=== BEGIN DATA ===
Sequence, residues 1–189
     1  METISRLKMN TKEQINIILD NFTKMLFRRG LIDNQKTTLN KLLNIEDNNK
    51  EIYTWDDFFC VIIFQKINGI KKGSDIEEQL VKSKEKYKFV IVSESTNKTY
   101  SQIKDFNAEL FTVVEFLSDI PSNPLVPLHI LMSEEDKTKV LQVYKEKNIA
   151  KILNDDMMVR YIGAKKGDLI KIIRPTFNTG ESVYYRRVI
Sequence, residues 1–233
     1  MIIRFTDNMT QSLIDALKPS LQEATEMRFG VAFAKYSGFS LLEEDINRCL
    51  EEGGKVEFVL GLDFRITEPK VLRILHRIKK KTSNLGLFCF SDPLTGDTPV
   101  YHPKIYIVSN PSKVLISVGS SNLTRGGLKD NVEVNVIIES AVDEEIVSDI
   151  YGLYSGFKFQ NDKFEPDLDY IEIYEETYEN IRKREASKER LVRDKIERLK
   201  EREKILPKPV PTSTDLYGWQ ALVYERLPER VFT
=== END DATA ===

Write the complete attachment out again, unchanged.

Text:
Sequence, residues 1–189
     1  METISRLKMN TKEQINIILD NFTKMLFRRG LIDNQKTTLN KLLNIEDNNK
    51  EIYTWDDFFC VIIFQKINGI KKGSDIEEQL VKSKEKYKFV IVSESTNKTY
   101  SQIKDFNAEL FTVVEFLSDI PSNPLVPLHI LMSEEDKTKV LQVYKEKNIA
   151  KILNDDMMVR YIGAKKGDLI KIIRPTFNTG ESVYYRRVI
Sequence, residues 1–233
     1  MIIRFTDNMT QSLIDALKPS LQEATEMRFG VAFAKYSGFS LLEEDINRCL
    51  EEGGKVEFVL GLDFRITEPK VLRILHRIKK KTSNLGLFCF SDPLTGDTPV
   101  YHPKIYIVSN PSKVLISVGS SNLTRGGLKD NVEVNVIIES AVDEEIVSDI
   151  YGLYSGFKFQ NDKFEPDLDY IEIYEETYEN IRKREASKER LVRDKIERLK
   201  EREKILPKPV PTSTDLYGWQ ALVYERLPER VFT